John Challis Concert Harpsichord
St. Paul’s is blessed to have an historic Concert harpsichord made in the 1950s by John Challis of Detroit. It is a grand instrument: two keyboards with a range of five octaves, four sets of strings, two of regular pitch, one an octave higher and another an octave lower, seven pedals, and a steel frame to keep it in tune. Most harpsichords do no have this. It was given to St. Paul’s as a gift in 1997 from the estate of Alice Lungershausen, the official harpsichordist for the Detroit Symphony Orchestra.
"The Harpsichord" by John Challis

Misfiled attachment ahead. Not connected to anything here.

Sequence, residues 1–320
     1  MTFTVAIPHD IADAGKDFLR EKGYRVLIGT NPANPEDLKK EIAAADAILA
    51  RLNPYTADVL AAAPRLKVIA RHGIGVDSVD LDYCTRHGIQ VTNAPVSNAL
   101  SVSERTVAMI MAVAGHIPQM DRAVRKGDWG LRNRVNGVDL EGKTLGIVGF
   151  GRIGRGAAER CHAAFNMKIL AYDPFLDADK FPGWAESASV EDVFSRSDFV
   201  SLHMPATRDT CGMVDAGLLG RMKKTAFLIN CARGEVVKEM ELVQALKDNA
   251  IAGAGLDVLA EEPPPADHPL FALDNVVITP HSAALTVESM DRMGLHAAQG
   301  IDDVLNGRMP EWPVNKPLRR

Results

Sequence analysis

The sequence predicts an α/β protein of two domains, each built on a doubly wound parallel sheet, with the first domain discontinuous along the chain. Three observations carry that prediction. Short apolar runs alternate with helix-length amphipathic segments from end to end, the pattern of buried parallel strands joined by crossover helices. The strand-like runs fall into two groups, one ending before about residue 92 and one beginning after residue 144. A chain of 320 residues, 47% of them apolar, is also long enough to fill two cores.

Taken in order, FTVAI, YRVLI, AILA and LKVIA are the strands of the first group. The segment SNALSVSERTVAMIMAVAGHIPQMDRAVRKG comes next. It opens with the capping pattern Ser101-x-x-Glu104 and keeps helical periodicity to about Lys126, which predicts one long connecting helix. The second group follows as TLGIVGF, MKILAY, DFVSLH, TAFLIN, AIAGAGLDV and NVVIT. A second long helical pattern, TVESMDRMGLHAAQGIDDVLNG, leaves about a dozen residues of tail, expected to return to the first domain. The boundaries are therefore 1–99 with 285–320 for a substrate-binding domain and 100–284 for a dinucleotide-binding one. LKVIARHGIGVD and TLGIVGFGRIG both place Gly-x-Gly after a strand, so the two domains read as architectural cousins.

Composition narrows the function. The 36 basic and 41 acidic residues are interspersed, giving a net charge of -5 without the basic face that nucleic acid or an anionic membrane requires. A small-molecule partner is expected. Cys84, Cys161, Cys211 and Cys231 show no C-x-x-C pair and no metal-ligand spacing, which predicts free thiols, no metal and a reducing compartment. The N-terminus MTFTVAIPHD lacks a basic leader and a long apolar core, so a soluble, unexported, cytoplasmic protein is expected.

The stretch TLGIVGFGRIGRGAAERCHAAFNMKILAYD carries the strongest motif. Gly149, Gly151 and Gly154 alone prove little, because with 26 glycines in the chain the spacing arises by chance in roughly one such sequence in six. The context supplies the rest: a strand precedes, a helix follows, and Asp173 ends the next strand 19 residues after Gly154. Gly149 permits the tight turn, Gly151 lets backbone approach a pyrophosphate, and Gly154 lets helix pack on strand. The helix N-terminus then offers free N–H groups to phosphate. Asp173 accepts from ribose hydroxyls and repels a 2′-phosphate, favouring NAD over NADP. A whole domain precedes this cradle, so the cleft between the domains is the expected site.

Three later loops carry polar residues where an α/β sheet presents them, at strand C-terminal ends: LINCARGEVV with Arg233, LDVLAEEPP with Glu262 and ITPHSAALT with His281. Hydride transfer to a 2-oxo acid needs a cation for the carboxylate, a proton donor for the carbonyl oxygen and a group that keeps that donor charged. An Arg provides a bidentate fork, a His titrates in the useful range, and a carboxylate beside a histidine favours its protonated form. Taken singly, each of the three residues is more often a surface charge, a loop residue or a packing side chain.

The harpsichord was the instrument par excellence of the 17th and 18th centuries for concert, accompaniment, or for additional color in the orchestra. Its varieties of tone quality, its speed of action, its abundant wealth of expression, made it the recognized keyboard instrument in the musical world. The principle of its action is that of strings plucked by a most ingeniously arranged plectrum or finger of leather (or quill). The result is a rarely beautiful shimmering quality of tone. Harpsichords are made with two keyboards and with as many as four different sets of strings, each with a different quality of tone (two tuned to the regular pitch, one octave higher, and one octave lower). The different sets of strings are brought into used by pedal switch, acting somewhat like the stops of the Oregon, place at the immediate command of the player great variety of shading. This gives a characteristic richness so necessary for the performance of such works of Bach as: the “Italian Concerto”, the Toccatas, Suites, and Partitas.